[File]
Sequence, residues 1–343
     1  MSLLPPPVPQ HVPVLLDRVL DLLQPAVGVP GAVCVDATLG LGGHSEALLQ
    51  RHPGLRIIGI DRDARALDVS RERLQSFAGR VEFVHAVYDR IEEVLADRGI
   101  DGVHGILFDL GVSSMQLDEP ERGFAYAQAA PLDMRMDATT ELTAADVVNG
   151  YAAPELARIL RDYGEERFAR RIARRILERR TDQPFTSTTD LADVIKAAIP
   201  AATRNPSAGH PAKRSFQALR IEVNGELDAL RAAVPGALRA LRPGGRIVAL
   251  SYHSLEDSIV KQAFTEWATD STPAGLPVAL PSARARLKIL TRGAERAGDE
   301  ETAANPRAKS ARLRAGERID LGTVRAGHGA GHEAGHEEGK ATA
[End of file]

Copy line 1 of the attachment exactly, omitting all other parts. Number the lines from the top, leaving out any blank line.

Sequence, residues 1–343